[openstack-dev] [Keystone] Best way to do something MySQL-specific?
clint at fewbar.com
Tue Jul 9 03:06:22 UTC 2013
Excerpts from Adam Young's message of 2013-07-08 17:32:30 -0700:
> On 07/08/2013 04:35 PM, Clint Byrum wrote:
> > Excerpts from Adam Young's message of 2013-07-08 13:18:55 -0700:
> >> On 07/01/2013 01:35 PM, Clint Byrum wrote:
> >>> The way the new keystone-manage command "token_flush" works right now
> >>> is quite broken by MySQL and InnoDB's gap locking behavior:
> >>> https://bugs.launchpad.net/1188378
> >>> Presumably other SQL databases like PostgreSQL will have similar problems
> >>> with doing massive deletes, but I am less familiar with them.
> >>> I am trying to solve this in keystone, and my first attempt is here:
> >>> https://review.openstack.org/#/c/32044/
> >>> However, MySQL does not support using "LIMIT" in a sub-query that
> >>> is feeding an IN() clause, so that approach will not work. Likewise,
> >>> sqlalchemy does not support the MySQL specific extension to DELETE which
> >>> allows it to have a LIMIT clause.
> >>> Now, I can do some hacky things, like just deleting all of the expired
> >>> tokens from the oldest single second, but that could also potentially
> >>> be millions of tokens, and thus, millions of gaps to lock.
> >>> So, there is just not one way to work for all databases, and we have to
> >>> have a special mode for MySQL.
> >>> I was wondering if anybody has suggestions and/or examples of how to do
> >>> that with sqlalchemy.
> >>> _______________________________________________
> >>> OpenStack-dev mailing list
> >>> OpenStack-dev at lists.openstack.org
> >>> http://lists.openstack.org/cgi-bin/mailman/listinfo/openstack-dev
> >> In general, if you have millions of roles, you need a real database. I
> >> would not try to work through SQL Alchemy for this. Instead, you
> >> probably just want to make sure that the token_flush is run fairly
> >> regularly on your database.
> > I'm not sure I understand you.
> > * I am asking about millions of tokens, not roles.
> Heh, I mean Rows, and somehow type roles.
> > * I am asking about MySQL.. presumably a "real" database.
> I have to admit I am a bit of a Postgresql Bigot. I don't really
> consider MySQL a real database, althought it has improved a lot over the
> years. I am not up to speed on"InnoDB's gap locking behavior" but it is
> not something I would expect to be a problem in Postgresql.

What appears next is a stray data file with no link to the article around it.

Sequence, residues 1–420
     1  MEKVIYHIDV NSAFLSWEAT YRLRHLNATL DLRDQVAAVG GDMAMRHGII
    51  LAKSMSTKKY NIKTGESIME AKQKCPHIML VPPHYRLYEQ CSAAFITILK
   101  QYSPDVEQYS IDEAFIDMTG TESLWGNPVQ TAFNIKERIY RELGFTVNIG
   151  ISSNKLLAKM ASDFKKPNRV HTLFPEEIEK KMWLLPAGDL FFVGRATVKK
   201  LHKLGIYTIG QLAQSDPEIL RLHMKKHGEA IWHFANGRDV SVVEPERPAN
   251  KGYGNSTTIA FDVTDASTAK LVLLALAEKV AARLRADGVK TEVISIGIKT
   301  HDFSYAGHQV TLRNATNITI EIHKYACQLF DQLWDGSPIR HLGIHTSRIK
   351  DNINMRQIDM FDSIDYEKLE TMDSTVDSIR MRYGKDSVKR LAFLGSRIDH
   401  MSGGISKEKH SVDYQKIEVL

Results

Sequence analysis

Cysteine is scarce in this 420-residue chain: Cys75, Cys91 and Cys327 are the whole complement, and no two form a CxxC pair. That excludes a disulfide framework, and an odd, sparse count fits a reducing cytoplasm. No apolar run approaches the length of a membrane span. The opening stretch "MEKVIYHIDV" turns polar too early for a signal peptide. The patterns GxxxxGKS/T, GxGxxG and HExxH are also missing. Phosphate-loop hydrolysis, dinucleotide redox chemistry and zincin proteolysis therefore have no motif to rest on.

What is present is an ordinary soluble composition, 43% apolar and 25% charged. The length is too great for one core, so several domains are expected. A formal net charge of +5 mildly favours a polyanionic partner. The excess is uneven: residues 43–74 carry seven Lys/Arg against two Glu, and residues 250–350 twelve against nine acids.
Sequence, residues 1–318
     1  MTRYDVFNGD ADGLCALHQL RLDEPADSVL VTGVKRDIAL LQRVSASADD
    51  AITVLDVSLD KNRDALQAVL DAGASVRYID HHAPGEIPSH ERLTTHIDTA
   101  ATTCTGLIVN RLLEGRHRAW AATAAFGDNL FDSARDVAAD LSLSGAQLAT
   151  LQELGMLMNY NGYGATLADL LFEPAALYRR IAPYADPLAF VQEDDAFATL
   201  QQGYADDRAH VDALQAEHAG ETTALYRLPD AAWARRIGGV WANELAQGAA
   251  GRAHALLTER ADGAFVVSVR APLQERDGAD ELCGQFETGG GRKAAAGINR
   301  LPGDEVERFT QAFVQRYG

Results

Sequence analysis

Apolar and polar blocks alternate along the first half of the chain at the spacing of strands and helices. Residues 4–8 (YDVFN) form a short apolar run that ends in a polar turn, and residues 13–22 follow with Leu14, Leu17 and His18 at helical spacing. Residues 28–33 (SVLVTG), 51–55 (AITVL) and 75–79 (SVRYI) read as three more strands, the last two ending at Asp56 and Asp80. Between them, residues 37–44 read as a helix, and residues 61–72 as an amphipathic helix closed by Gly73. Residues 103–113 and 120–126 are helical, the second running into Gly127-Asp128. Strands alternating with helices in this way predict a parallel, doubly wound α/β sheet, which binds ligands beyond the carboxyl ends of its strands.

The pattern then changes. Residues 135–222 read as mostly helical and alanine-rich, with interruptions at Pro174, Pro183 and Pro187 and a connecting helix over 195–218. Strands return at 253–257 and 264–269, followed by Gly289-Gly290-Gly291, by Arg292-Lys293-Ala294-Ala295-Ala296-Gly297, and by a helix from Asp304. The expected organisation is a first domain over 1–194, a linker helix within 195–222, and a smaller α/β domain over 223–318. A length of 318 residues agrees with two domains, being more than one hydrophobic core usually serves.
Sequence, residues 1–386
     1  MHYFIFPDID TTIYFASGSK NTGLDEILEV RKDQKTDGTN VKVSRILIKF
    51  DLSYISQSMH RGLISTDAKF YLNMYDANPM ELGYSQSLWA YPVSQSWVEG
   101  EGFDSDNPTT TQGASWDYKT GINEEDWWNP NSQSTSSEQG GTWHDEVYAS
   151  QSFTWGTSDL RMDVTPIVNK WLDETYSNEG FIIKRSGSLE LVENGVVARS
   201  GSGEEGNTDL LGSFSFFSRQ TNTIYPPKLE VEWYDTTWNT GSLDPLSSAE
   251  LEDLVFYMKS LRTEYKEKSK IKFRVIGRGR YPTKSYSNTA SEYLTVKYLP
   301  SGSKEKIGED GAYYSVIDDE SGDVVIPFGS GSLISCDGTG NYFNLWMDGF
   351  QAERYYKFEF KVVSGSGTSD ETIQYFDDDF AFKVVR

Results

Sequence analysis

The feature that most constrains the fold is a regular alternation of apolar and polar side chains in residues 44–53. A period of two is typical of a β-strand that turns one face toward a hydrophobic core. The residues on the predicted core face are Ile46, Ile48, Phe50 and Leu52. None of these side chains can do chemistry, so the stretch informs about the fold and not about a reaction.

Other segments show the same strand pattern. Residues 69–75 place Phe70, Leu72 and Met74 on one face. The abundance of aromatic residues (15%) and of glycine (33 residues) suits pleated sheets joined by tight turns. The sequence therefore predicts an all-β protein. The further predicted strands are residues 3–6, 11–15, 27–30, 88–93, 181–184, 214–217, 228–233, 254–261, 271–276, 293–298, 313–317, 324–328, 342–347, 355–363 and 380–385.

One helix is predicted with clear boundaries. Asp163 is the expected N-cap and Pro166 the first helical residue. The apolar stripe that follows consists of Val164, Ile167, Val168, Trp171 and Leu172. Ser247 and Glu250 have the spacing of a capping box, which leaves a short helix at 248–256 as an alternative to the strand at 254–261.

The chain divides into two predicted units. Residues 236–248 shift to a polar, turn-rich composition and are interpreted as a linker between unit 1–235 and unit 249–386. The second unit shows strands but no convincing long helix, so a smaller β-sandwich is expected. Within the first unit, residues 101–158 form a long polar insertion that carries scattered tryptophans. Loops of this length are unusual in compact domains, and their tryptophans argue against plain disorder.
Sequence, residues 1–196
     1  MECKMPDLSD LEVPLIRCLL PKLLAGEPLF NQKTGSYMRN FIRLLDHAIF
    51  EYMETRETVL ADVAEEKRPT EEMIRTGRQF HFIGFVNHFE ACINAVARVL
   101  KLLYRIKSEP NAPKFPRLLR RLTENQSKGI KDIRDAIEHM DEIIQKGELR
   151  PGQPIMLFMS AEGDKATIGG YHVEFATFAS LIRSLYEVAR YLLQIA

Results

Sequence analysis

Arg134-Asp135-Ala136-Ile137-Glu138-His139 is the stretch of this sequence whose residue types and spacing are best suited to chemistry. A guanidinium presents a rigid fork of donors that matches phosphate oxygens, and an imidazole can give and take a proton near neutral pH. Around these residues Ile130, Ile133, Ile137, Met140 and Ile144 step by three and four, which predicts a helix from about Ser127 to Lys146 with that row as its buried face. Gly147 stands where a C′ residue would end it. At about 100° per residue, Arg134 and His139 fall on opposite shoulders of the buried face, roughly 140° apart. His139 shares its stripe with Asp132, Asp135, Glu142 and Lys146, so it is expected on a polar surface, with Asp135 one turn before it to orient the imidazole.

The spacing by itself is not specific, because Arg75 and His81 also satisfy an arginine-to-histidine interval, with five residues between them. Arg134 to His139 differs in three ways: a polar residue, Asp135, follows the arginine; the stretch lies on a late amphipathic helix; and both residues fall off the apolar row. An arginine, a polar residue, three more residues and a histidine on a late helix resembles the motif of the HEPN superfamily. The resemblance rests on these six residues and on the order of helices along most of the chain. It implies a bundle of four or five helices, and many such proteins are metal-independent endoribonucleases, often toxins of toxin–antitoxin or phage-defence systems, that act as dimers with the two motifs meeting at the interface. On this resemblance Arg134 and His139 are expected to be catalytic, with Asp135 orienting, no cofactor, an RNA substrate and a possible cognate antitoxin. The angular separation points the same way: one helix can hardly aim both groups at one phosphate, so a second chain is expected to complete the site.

You may want to update your snark! MySQL has its warts which are pretty
easy to take shots at, but it has been a "real" ACID compliant database
for well over a decade.
Please have a read at how InnoDB's isolation level handling works
. You can compare it to Postgres . InnoDB's default isolation
level, repeatable read, has a locking behavior that is particularly
ugly for indexes like 'token.valid'. Put simply, you can't add more
valid tokens until you're done deleting any valid expired tokens (if
you mention valid in the delete, which flush_tokens does not).
This is because token.valid == 1 may end up locked during the entire
DELETE. The same could be true for expires too, even the primary key,
though that is typically not locked with ranges.
Yes, Postgres's behaviors are much more desirable here, as inserts almost
go unmentioned in the postgres description of transaction isolation. But
there are well documented ways of working around this weirdness. I had
forgotten that one way is to use READ UNCOMMITTED. That should avoid
any of the large range locks and work with MySQL, Postgres, and Sqlite.
> > * In the bug, I am suggesting that running token_flush once every
> > second will be _a disaster_ on a busy site with MySQL because of
> > the gap locking behavior in InnoDB. We need to delete a small number
> > per transaction.
> once every second would be strange indeed. I would think maybe once
> every five minutes or so. Schedule your clean up IAW your deployment
> and usage.
> Deleting a chunk of tokens in bulk would be preferable to doing client
> side iteration, I can;t see how that would not be the case.
Once every second or once every 5 minutes, the locks pile up the longer
the DELETE takes.
Using pt-archiver, the locks span just a few hundred rows at a time, and
we can also be "gentle" with the server, sleeping a bit between deletes,
which allows us to not waste precious OLTP time on archiving/deleting.
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